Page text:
05-04-2011 08:42 PM - edited 11-01-2011 07:13 PM
Hey there Irdglover, I’m Blake from the California Home Depot. Refinishing a badly damaged deck doesn’t have to be a hard job. A big part of the process is having the right tools. I think you are on the right track with sanding down the damaged portion of the deck and refinishing it from there.
There are a few things to keep in mind before you start. If some planks are badly bowed, cupped, or warped they should probably be replaced. Also all fasteners should be sunk deeper to accommodate for the amount of wood that you will be removing from the surface (which may be quite a bit depending on the damage).
SAFETY NOTE: Any time you are working with a sander that uses a dust collection bag, take great care to empty the bag before it reaches the full line (usually ½ way up the bag). Failing to do so can result in a serious fire hazard. Always wear eye protection and respiratory protection when working with sanders.
Ideally you should rent three sanders to complete the project. The first sander is the drum flooring sander:
This sander is very aggressive and is designed to remove a lot of wood quickly. Select 60 grit sandpaper for lighter damaged surface, or 36 then 80 grit sandpaper if there is more extensive damage. Start sanding in the far corner of the deck and walk the sander backwards at a 45 degree angle (this makes the scratches stand out against the grain of the wood, making finishing work easier down the road).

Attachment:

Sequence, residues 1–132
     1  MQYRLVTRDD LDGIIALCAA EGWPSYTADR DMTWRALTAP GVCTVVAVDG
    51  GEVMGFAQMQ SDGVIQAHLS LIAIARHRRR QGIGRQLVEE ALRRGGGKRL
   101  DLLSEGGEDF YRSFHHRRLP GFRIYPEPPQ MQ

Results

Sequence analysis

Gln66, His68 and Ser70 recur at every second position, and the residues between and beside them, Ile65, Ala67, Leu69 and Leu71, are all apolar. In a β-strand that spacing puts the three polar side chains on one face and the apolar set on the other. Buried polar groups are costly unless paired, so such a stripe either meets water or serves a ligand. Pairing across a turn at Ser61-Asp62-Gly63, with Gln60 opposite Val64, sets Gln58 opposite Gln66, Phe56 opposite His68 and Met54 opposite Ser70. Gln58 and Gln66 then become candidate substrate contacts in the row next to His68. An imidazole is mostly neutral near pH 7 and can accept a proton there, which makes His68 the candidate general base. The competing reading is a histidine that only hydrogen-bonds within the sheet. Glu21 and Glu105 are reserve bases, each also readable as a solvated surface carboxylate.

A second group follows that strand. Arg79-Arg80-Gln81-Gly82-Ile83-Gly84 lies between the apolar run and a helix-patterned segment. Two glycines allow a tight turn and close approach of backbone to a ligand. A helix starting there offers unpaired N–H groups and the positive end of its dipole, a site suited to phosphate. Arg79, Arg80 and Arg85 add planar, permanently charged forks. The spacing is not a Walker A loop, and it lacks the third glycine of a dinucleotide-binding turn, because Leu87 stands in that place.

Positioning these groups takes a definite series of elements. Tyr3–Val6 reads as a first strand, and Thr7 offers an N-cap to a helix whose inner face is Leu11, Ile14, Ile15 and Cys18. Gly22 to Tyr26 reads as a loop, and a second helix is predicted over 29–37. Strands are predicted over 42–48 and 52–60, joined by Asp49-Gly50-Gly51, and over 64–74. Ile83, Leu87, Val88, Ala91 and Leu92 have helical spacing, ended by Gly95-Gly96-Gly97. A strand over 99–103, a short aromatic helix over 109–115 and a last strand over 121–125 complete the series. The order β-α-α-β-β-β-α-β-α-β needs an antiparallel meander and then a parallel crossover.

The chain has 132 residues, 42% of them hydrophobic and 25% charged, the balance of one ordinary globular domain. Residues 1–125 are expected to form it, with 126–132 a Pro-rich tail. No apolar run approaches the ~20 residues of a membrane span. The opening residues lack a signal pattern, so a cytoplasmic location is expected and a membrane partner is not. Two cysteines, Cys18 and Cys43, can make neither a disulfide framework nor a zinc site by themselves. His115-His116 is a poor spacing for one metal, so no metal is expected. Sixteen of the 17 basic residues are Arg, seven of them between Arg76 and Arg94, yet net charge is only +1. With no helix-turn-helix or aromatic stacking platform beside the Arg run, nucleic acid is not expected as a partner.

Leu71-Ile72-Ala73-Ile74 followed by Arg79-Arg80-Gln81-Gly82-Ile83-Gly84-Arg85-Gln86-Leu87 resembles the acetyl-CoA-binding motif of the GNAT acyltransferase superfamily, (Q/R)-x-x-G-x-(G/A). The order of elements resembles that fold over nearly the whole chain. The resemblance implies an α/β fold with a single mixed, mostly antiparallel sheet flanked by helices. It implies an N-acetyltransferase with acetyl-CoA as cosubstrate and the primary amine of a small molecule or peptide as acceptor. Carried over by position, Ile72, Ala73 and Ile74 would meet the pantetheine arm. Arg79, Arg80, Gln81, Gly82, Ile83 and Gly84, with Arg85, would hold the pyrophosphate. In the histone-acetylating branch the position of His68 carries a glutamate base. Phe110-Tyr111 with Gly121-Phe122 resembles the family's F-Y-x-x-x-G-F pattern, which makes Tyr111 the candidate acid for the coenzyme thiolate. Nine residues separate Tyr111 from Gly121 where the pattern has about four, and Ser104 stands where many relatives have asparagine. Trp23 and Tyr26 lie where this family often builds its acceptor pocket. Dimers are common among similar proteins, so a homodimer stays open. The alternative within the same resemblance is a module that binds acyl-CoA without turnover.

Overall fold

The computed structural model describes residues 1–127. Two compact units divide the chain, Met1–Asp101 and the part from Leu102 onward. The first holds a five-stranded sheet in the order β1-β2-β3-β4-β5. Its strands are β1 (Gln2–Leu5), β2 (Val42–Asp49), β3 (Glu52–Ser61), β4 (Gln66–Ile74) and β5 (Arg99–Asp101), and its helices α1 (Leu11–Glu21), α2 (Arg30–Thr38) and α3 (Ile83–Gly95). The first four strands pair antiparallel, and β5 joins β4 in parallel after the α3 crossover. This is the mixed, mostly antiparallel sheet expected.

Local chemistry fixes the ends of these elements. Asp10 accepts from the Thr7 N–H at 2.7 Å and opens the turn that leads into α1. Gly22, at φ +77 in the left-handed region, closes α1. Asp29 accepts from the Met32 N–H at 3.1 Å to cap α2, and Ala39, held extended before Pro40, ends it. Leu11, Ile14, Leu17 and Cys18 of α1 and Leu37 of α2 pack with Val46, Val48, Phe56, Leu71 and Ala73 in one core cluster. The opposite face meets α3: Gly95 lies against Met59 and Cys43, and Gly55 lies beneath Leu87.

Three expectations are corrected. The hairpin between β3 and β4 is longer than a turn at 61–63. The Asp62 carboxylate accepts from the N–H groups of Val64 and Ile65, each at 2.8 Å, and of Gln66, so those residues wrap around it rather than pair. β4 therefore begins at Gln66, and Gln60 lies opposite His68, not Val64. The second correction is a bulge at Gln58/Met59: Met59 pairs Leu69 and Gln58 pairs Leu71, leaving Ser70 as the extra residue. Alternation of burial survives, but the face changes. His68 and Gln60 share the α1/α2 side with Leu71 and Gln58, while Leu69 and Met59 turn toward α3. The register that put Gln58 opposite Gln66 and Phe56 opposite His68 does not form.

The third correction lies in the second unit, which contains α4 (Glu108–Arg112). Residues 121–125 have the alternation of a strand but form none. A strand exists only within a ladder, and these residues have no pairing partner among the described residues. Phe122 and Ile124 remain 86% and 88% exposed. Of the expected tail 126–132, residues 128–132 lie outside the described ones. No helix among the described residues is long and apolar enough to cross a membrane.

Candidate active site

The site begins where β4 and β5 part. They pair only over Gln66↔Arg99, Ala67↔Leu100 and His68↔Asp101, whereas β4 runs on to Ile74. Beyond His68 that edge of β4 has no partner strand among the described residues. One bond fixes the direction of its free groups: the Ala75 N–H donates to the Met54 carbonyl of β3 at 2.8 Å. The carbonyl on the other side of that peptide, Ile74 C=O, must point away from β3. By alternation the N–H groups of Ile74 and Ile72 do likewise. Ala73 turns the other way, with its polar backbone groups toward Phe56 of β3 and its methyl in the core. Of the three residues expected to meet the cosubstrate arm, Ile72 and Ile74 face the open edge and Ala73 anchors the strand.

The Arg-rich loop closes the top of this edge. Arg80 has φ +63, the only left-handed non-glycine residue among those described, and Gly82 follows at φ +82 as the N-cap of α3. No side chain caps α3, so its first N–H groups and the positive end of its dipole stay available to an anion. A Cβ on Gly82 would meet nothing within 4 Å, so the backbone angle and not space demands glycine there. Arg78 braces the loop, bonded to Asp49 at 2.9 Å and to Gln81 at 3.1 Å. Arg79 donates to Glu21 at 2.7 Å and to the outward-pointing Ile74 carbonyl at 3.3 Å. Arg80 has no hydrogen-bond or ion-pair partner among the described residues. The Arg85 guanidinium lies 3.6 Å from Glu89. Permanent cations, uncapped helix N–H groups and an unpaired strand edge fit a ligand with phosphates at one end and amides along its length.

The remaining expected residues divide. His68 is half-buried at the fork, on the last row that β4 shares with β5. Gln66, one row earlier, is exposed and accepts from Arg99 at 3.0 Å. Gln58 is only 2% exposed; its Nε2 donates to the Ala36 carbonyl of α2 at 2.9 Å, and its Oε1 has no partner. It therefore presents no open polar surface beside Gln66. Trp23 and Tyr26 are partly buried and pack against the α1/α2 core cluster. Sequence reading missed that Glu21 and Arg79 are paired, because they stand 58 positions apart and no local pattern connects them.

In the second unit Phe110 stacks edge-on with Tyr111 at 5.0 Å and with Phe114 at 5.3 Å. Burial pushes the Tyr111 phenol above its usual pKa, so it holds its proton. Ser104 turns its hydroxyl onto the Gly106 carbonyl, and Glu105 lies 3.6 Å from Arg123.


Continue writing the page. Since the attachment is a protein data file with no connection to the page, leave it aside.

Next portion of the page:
The second sander I suggest would be the square-buff floor sander:
This is a floor finishing sander and is essentially a 90 pound random orbit sander (cool huh?). Depending on where you stopped with the drum sander you may want to start with 100 grit, then go up to 120-150 grit, or simply do multiple passes with a 120 (if you ended with 80 grit on the drum sander). The square buff sander removes wood more slowly than a rotary sander or drum sander so patience is important. For a DIYer mastering control of a rotary sander can be a costly experience in time, energy, and potential damage if you let one get away from you (ask me how I know). Compared to rotary sanders, square buff sanders are smooth sailing!
The last sander you would want ideally is a floor edging sander:
The edger allows you to get the sander right up to your posts and walls. By comparison the drum sander and square buff sander will only let you get up to a few inches from the wall. You could also use a small random orbit sander to sand your edge; however, the edging sander will make quicker work of this job! Because the edges were not touched by either of the previous two sanders you will need to start with 60 grit, and finish with 100 grit.
After removing your extensive collection of sawdust with a vacuum and some damp cheese cloth, you are ready to start staining!
I hope this helps Irdglover!
I am a Home Depot Store Associate, trained and authorized to help people on the Internet.